Autostadt Car Silo Image © Krisztian Bocsi

#6 Autostadt Car Silo
Location: Wolfsburg, Germany
Designed by: Henn GmbH
Description: “The northern limitation of the Autostadt Wolfsburg is created by a long, rectangular water basin with two glass cylinders to the northeast: the AutoTürme. They all symbolize the process of vehicle production and serve as an intermediate storage for the newly completed cars prior to delivery. Every tower holds 400 vehicles which are transported via elevators into the free shafts of the 20 storeys. Every 40 seconds a new car arrives underground at the cylinder from the production plant, while another leaves the towers in the direction of the KundenCentre. This constant movement to the inside of the cylinder as a glass motor sets the heartbeat of the Autostadt Wolfsburg.”

Underground garage by Royal HaskoningDHV Image © Luuk Kramer

#5 Underground Garage
Location: Katwijk ann Zee, Netherlands
Designed by: Royal Haskoning DHV
Description: “The underground parking is carefully embedded into its natural dune environment so as to respect its surrounding landscape. The design team took an integrated and multi-disciplinary approach to this project, taking into consideration the need for defensive coastal protection, functional parking requirements, as well as ensuring to create an appropriate landscape design that blends naturally with its coastal environment.”

Parking Garage at Cliniques Universitaires Saint Luc Image © Lieven van Landschoot

#4 Parking Garage at Cliniques Universitaires Saint-Luc
Location: Brussels, Belgium
Designed by: 
Gortemaker Algra Feenstra
Description: “The parking exists of two layers above ground and three underground layers. The upper part connects the existing height differences of the landscape with each other, while the roof is laid out as parkland. To generate a livable underground part a vide was created alongside the road. On the one hand the vide leads daylight into the parking and on the other hand it provides natural ventilation. The vide is furnished as a wavy green slope, visible from the parking. The organic form language of the facades is in contrast with the surrounding brutal architecture, however it blends seamlessly into the hilly landscape. With this building as an entrance, the campus will get a recognizable and friendly character.”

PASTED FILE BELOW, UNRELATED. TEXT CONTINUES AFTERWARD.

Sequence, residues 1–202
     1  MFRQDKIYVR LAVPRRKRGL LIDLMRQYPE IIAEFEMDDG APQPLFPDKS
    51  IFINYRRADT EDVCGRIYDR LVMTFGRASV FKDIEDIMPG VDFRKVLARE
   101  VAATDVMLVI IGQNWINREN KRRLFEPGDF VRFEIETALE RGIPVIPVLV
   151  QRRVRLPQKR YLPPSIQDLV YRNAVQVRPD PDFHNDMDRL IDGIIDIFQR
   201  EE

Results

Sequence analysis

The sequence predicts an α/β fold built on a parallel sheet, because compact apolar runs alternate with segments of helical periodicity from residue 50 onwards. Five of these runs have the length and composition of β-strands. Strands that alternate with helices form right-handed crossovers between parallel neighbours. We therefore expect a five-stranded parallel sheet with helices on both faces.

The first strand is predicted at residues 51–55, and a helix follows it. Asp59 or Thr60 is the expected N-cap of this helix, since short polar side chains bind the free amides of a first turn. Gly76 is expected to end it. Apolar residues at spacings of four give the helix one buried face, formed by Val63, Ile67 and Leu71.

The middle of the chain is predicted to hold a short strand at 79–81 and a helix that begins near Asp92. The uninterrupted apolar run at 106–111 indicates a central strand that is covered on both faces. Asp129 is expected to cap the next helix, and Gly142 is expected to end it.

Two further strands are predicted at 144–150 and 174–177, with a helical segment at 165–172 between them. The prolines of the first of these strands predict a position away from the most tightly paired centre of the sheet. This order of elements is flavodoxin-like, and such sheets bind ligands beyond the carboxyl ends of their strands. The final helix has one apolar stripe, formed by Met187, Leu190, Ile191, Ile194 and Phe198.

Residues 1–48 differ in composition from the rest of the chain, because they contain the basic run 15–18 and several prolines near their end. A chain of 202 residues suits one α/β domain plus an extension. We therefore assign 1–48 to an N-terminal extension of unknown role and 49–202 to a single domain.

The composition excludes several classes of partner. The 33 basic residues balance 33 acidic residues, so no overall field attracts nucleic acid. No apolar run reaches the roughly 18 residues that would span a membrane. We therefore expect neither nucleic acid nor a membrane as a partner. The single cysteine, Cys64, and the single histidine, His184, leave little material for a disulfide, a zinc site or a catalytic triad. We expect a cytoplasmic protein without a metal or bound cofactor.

RAI Amsterdam Convention Centre Car Park Image © Jannes Linders

#3 RAI Amsterdam Convention Centre Car Park
Location: Amsterdam
Designed by: Benthem Crouwel
Description: “The building is 30 meters high and its eight floors offer parking space for about 1.000 cars. The car park is situated on the ring road A10 and the Zuidas, Amsterdam’s business district. What makes the building remarkable is the fact that the first floor is not just for parking cars, but can also be used as a flexible space for conventions and exhibitions. When the RAI does not need the car park, the building can function as a public parking space. The building is characterized by a simple, rectangular shape.”
Faena Car Park Image © Bruce Demonte

Faena Car Park by OMA, in Miami

Location: Miami, FL
Designed by: OMA
Description: “Faena Park, OMA’s first freestanding garage, is a state-of-the-art parking structure programmed with street level retail, three levels of parking and a penthouse event space with views to the Atlantic Ocean and the surrounding Faena District. A precast concrete façade with angled perforations accommodates the required natural ventilation, while also controlling views of the building’s contents, subtlety reflecting the color of cars parked within. An exposed glass elevator shaftway on 35th street reveals the vehicular and passenger movement within the building’s structure.”

Michigan Theatre Car Park Image ©

#1 Michigan Theatre Car Park
Location: Detroit, Michigan
Designed by: Rapp & Rapp
Description: “It was constructed in 1925 and stands at 13 floors in height. Today it contains a bar, restaurant, retail space, office space, a parking garage, and the shared co-working space Cowork at The Michigan. The high-rise was constructed in the Renaissance Revival. The exterior of the building is faced with brick with terra cotta and granite accents. The ground level contains retail space with large windows still framed by the original decorative metal work.”